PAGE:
Water Well and Pump Service Information for Gaviota 93117
Gaviota is an unincorporated community of about 70 people west of Santa Barbara and south of Buellton. It is the location of The Channel Islands Marine and Wildlife Institute, a marine mammal rehabilitation center. The name comes from the Spanish word for seagull. Originally called San Luis Rey by Franciscan missionary Juan Crespi during the Spanish Portola expedition, he added in his diary that “the soldiers know it as La Gaviota, because they killed a seagull there.” The Gaviota coastline is the longest remaining rural coastline in Southern California.
Drilling Water Wells in Gaviota
Gaviota, CA is in Santa Barbara County. The Santa Barbara County Department of Environmental Health Services is the department tasked with the approval of water well drilling in the county of Santa Barbara. Information about the permit application as well as a list of licensed well drillers and other water well information can be found at http://www.countyofsb.org/phd/ehs/drinking-water.sbc
Water Well Drilling and Pump Maintenance Service in Gaviota
After a well has been approved, drilled, and is in use, it falls under the jurisdiction of the Department of Planning and Development. Periodic reports, including water quality tests and meter records, must be filed with the department. Information specific to water wells is found on pages 106-107 of the Planner’s Guide to Conditions of Approval and Mitigation Measures which can be found on the County’s Planning and Development website.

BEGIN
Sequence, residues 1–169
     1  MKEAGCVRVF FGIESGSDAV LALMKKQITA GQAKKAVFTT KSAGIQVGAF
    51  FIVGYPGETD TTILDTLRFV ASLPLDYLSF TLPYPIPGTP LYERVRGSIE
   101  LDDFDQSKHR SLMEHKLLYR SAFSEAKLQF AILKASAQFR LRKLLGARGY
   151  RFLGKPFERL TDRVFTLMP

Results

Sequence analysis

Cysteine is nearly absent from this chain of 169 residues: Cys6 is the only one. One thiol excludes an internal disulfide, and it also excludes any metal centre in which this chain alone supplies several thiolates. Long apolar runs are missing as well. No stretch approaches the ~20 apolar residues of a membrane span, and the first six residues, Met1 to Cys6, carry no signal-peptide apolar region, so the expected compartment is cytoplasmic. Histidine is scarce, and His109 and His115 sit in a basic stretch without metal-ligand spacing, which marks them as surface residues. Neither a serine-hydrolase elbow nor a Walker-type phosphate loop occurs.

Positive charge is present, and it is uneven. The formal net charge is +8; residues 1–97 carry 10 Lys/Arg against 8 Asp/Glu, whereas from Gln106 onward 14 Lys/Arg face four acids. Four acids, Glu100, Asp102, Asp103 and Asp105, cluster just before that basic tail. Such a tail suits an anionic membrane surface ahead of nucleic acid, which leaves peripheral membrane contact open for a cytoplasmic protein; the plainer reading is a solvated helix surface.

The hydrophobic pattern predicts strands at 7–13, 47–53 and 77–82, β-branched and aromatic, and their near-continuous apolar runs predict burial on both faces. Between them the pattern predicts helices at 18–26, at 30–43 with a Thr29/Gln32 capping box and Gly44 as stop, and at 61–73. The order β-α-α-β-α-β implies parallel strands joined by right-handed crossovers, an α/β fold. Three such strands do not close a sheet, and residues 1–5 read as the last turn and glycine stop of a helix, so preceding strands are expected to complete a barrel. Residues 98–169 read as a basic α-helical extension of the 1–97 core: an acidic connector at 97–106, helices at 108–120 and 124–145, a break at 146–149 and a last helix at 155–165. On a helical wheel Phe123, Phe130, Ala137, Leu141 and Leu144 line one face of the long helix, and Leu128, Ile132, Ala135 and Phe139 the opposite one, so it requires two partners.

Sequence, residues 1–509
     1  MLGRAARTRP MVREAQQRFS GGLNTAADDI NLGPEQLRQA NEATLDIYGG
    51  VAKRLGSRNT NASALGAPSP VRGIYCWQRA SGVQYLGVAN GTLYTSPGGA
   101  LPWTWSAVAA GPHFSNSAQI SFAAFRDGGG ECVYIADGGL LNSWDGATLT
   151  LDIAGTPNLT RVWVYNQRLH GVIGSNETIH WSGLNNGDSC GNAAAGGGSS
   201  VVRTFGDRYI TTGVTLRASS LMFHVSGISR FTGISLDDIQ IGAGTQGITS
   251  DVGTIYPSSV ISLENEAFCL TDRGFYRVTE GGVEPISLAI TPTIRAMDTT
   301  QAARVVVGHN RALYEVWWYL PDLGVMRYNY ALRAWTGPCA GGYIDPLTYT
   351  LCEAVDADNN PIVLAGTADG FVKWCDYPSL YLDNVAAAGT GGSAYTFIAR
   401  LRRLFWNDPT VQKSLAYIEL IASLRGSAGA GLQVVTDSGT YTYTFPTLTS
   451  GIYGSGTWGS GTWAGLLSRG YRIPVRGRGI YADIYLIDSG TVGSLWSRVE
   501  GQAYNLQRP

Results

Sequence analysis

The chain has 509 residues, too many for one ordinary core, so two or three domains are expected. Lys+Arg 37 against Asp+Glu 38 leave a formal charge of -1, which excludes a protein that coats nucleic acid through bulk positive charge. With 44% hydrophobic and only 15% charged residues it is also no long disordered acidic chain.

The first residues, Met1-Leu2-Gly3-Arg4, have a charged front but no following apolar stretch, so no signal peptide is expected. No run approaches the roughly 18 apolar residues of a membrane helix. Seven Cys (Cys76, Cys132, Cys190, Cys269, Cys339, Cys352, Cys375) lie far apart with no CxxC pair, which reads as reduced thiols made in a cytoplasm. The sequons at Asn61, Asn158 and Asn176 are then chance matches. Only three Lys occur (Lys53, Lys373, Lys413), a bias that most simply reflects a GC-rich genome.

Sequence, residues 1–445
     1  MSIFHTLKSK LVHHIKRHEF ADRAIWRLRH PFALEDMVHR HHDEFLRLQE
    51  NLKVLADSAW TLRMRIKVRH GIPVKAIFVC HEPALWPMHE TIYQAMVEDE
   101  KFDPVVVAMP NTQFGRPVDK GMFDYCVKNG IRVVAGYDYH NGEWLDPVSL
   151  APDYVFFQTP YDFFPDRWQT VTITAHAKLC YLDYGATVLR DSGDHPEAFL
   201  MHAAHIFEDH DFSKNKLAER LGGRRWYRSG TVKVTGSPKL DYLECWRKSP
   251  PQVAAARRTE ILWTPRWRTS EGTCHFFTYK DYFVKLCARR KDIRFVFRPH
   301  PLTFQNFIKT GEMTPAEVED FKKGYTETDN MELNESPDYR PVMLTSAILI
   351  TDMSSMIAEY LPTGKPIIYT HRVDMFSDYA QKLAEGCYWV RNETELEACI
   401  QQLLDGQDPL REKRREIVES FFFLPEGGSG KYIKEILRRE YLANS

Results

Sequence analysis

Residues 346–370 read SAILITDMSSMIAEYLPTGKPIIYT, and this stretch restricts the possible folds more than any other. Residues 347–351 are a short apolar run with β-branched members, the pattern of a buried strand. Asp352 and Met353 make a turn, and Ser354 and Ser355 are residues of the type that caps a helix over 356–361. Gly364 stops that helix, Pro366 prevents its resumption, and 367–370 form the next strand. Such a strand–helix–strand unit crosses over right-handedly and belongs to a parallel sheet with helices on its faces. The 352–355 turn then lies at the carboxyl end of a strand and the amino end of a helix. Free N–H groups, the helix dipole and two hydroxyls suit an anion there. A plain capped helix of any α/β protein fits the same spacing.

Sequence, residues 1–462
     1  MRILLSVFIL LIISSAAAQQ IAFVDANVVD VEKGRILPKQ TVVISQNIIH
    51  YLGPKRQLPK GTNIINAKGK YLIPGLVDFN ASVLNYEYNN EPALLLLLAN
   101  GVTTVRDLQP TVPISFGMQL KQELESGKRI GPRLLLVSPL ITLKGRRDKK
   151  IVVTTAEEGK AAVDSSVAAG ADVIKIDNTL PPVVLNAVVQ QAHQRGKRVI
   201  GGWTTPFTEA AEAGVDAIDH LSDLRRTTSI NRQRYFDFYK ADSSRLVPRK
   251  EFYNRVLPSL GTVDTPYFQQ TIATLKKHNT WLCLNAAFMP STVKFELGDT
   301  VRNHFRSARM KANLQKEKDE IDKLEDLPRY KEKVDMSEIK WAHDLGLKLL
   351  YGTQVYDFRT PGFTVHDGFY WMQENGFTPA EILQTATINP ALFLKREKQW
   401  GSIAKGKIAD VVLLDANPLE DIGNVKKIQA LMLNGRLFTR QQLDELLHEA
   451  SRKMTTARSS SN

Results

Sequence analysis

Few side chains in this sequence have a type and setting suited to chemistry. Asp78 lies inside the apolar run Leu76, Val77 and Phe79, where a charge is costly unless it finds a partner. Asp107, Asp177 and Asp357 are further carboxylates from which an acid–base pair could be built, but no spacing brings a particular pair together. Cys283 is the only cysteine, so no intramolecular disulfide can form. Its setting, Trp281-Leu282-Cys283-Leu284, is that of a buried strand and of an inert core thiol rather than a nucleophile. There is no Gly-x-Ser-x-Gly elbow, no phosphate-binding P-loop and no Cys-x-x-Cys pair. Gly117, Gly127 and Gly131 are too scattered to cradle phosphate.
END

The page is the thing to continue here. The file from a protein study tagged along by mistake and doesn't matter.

Powell and Murphy Drilling is a licensed water well driller and meets the criteria to drill water wells in Santa Barbara County. In addition to drilling, we provide pump installation, service, and replacement.
Water Well Inspection Services in Gaviota
Because a water well is a private water supply, testing the quality of the water is the responsibility of the property owner. Contaminants from the soil can affect the taste and appearance of the water, as well as its fitness for drinking. Occasionally bacteria can find their way into a well and cause the water to be unsuitable for consumption. It is important to have the water tested at least once a year, after a flood, or when there is a change in the taste or appearance of the water. While this may be done using a do-it-yourself test kit, it is important to contact a qualified professional should the results show any contamination.
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